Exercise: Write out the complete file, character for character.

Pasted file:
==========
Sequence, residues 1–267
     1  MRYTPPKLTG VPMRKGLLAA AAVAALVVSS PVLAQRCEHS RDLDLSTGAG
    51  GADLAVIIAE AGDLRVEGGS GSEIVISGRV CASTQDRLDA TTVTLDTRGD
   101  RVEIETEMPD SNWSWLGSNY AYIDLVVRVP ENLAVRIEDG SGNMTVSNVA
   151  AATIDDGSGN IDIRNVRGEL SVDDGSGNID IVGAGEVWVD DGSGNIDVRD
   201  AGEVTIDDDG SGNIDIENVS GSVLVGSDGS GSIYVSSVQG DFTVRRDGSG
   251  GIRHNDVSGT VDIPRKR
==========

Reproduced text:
Sequence, residues 1–267
     1  MRYTPPKLTG VPMRKGLLAA AAVAALVVSS PVLAQRCEHS RDLDLSTGAG
    51  GADLAVIIAE AGDLRVEGGS GSEIVISGRV CASTQDRLDA TTVTLDTRGD
   101  RVEIETEMPD SNWSWLGSNY AYIDLVVRVP ENLAVRIEDG SGNMTVSNVA
   151  AATIDDGSGN IDIRNVRGEL SVDDGSGNID IVGAGEVWVD DGSGNIDVRD
   201  AGEVTIDDDG SGNIDIENVS GSVLVGSDGS GSIYVSSVQG DFTVRRDGSG
   251  GIRHNDVSGT VDIPRKR